Political Dysfunction and the Election of Donald Trump: Problems of the U.S. Constitution's Presidency

18 Pages Posted: 28 Nov 2016 Last revised: 6 Apr 2017

See all articles by David Orentlicher

David Orentlicher

University of Nevada, Las Vegas, William S. Boyd School of Law

Date Written: November 25, 2016


This article discusses a critical, but overlooked, cause of political dysfunction in the United States — the Constitution’s design for the executive branch. Specifically, this article argues that by opting for a single executive rather than a multi-person executive, the Constitution causes two serious problems. It fuels the high levels of partisan polarization that we see today, and it increases the likelihood of misguided presidential decision making.

Of course, this was something the founding fathers thought about and debated. Should we have a single executive or a multi-person executive branch? There were good reasons in 1787 for the delegates to the Constitutional Convention to settle on a single executive. But as our country has changed over time, the executive branch has changed too, and it has changed in ways that have been problematic.

First, the founding fathers expected presidents to view the entire country as their constituency. Unlike members of the House who represent a single congressional district, or members of the Senate who represent a single state, presidents represent everyone. But modern presidents do not really see themselves as representing everyone. Rather, they have become standard-bearers for their parties and their party platforms. At the same time, the presidency has changed in another important way. The modern White House has assumed a far greater amount of policy-making power than envisioned for an “executive” branch that was designed to carry out policies passed by Congress. Indeed, the Oval Office has become the most important policy-making center in the national government. Having a president wield expansive policy-making power on behalf of only one side of the political aisle exacerbates partisan conflict and encourages unwise policy choices.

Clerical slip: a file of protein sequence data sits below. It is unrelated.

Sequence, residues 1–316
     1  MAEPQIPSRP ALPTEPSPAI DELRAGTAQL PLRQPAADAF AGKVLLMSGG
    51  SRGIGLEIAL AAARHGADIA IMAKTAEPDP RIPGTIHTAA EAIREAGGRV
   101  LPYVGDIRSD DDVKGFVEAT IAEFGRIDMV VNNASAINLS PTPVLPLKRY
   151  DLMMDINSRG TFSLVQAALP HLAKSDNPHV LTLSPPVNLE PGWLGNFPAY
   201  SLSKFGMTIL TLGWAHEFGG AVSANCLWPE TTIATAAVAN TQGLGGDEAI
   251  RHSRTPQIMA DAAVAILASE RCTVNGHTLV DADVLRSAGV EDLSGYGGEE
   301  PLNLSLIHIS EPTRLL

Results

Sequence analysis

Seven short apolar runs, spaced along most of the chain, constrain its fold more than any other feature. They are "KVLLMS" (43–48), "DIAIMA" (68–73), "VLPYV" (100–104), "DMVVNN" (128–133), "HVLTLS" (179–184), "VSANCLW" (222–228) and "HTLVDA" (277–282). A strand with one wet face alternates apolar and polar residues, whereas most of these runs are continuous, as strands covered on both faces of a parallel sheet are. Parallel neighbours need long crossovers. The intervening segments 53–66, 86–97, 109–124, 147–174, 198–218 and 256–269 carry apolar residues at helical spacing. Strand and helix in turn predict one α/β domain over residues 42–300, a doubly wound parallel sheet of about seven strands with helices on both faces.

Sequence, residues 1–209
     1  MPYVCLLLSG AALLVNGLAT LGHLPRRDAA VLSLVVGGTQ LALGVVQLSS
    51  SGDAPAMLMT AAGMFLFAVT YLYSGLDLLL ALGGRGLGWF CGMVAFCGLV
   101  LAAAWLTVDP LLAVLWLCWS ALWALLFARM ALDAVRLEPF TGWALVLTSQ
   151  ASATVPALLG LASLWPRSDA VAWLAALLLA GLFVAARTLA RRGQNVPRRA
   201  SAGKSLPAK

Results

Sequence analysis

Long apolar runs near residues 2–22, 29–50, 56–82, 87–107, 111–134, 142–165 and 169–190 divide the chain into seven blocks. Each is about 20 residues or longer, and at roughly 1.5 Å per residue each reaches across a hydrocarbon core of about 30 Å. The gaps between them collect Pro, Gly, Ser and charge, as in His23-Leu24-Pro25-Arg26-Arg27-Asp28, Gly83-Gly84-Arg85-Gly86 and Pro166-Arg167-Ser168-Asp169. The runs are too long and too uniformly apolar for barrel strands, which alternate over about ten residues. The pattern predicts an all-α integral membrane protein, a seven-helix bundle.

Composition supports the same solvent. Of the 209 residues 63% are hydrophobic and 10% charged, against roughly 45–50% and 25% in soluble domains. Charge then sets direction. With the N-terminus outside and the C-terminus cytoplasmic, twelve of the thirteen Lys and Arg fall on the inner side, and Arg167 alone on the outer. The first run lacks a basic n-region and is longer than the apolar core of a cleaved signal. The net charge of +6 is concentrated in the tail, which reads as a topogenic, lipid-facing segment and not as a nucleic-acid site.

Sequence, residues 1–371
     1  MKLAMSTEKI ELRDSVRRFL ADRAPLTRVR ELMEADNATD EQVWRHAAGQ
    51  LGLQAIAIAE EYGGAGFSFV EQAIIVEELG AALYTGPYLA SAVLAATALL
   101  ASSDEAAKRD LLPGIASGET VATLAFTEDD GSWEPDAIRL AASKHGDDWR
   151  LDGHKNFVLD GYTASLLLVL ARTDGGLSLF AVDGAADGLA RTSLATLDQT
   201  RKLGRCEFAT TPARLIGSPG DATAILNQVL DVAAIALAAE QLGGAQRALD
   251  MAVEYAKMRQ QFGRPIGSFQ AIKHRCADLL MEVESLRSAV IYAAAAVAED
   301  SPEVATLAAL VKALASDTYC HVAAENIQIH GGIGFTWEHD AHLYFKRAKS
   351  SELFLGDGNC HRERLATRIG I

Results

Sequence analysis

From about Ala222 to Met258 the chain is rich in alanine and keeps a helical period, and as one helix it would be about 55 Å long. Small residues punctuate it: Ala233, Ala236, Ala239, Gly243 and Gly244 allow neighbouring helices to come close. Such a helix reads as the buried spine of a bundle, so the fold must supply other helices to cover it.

Drawing on the experience in other countries with executive power shared by multiple officials, this article proposes a bipartisan executive. By adopting a two-person, two-party presidency, we would do much to promote a more effective political system. Giving meaningful representation to persons across the political spectrum would defuse partisan conflict and ensure that public policy reflects a broad range of policy perspectives.

A bipartisan executive would especially do much to address concerns about the election of Donald Trump in November 2016. His erratic temperament and use of fascist rhetoric have highlighted the risk that an authoritarian executive could misuse the enormous power of the Oval Office. A presidential partner would provide an important check on autocratic behavior, especially when the President’s party controls Congress and therefore is not likely to push back against executive decision making.

Keywords: presidency, executive branch, Donald Trump, partisan conflict

JEL Classification: H11, K19

Suggested Citation

Orentlicher, David, Political Dysfunction and the Election of Donald Trump: Problems of the U.S. Constitution's Presidency (November 25, 2016). 50 Indiana Law Review 247 (2016), Indiana University Robert H. McKinney School of Law Research Paper No. 2016-34, Available at SSRN: https://ssrn.com/abstract=2875428

David Orentlicher (Contact Author)

University of Nevada, Las Vegas, William S. Boyd School of Law ( email )

4505 South Maryland Parkway
Box 451003
Las Vegas, NV 89154
United States

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